A few take-aways from ‘What is Seen and What is Not Seen’

1. Policies could make problems worse sometimes

Back when India was under British colonization, there appeared a problem of cobras. Cobras in the open were causing problems for British officials and therefore, a bounty was declared for anyone who could produce a dead cobra. But individuals saw an economic opportunity in this. Locals now started farming cobras. When the officials learned of this, the idea of the bounty was dropped altogether. Now, cobras did not offer any economic benefit to the locals anymore. Thererfore, they released all their cobras, causing an even greater problem. The event is today known as “The Cobra Effect” which explains the event whereby an attempt to solving a problem makes the problem even worse.

2. Protectionism affects the nationals eventually

You could buy a Chinese pair of trousers for Rs. 500. A similar but Nepal-made pair of trousers cost you Rs. 1000. This is because in China they have cheap labor. Now if you believe that as Nepalese people we should promote Nepalese goods and services and put a tariff on Chinese trousers such that they now cost Rs. 1000 as well, who benefits? The answer is, only the Nepali manufacturer. And who pays? Entire Nepalese people. If you could but the pair of trousers for Rs. 500, you could use the other Rs. 500 to buy some other goods or service with that. That would make your life better-off, than when having to spend Rs. 500 extra for somebody else’s benefit. Now imagine all 30 million Nepalese having to spend that extra Rs. 500. How many new factories could have been established in Nepal itself if people could saved and invested that Rs. 500 x 30,000,000?

3. Tax is a bad investment (if it is investment at all)

When every single one of us pays Rs. 100 each as tax such that government could channel the fund back to the people in the form of roads, public education, free health service or anything, think about the big bureaucracy that the funds have to pass through, and then all the salaries that have to be paid to the bureaucrats from the same fund, and all the contractors that would have to be hired to implement a project, and all such costs. Now ask yourself, how much does an individual get back for the Rs. 100 that he gave up? If the individual could use that Rs. 100 on his own discretion, he would have got back the entire value of Rs. 100.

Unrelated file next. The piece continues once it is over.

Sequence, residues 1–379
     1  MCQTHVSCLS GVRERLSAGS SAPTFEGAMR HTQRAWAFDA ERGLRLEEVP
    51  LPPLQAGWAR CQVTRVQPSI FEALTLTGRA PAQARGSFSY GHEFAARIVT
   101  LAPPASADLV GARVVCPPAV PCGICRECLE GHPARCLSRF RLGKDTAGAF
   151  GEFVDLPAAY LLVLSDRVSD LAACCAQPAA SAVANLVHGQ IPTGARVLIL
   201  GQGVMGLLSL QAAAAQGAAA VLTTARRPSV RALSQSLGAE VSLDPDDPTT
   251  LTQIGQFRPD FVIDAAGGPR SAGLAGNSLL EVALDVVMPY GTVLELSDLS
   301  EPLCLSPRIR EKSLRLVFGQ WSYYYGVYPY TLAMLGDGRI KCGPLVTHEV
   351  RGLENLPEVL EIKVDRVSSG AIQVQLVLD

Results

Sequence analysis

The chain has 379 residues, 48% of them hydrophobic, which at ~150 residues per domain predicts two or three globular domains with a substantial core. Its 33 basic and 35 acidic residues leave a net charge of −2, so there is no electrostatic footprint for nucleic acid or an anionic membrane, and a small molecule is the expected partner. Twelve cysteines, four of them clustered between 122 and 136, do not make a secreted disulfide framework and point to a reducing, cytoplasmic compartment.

4. Minimum wage takes away jobs

Imagine, you want to sell your 6 yr old laptop for just about any price. To you, maybe Rs. 3000 is better than nothing. But then the government comes and says, “You spent Rs. 60,000 on that laptop 6 years ago and people have to pay at least Rs 12,000 if they want to buy it from you.” The government is trying to get you a better deal. But you know what will really happen! Nobody will put Rs. 12,000 for your laptop. In the end, nobody buys it and you are left with no money and a laptop that serves you no purpose. Try to assign the role of this laptop to a human being and you can see how minimum wage takes jobs away. A daily wage of Rs. 250 is better than no job, when you don’t have the best of skills.

5. Banning child labor is bad for children

What kind of kids work in hotels or as ‘kanchas’ and ‘kanchis’? The answer is, the kids that have no other option but to work in bad conditions to feed themselves. Now if you ban child labor, what will happen? Nobody will employ these kids. Now what about their lives? Will you adapt every single one of those kids? Be real! You just cannot. Then what happens? Since these kids have to survive, they will now work in the informal economy, where the working conditions are even worse. And they will have to work for much less pay because a lot of kids have been forced out of the formal economy and there is now a big supply of unemployed kids. This is much like how there is cheap labor in China. They have way too many unemployed people and when supply increases demand, their bargaining power goes down.

Akash Shrestha

Akash Shrestha is a researcher at Samriddhi Foundation where his focus areas are investment laws, public enterprises and education.

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